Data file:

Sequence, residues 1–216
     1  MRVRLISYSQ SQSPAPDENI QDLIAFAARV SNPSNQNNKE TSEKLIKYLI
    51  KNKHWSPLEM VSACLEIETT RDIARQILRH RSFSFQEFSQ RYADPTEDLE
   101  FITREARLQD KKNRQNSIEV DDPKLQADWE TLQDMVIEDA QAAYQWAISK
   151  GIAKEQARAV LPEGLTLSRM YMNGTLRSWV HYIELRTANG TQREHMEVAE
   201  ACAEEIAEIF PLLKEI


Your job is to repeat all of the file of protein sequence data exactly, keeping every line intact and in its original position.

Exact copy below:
Sequence, residues 1–216
     1  MRVRLISYSQ SQSPAPDENI QDLIAFAARV SNPSNQNNKE TSEKLIKYLI
    51  KNKHWSPLEM VSACLEIETT RDIARQILRH RSFSFQEFSQ RYADPTEDLE
   101  FITREARLQD KKNRQNSIEV DDPKLQADWE TLQDMVIEDA QAAYQWAISK
   151  GIAKEQARAV LPEGLTLSRM YMNGTLRSWV HYIELRTANG TQREHMEVAE
   201  ACAEEIAEIF PLLKEI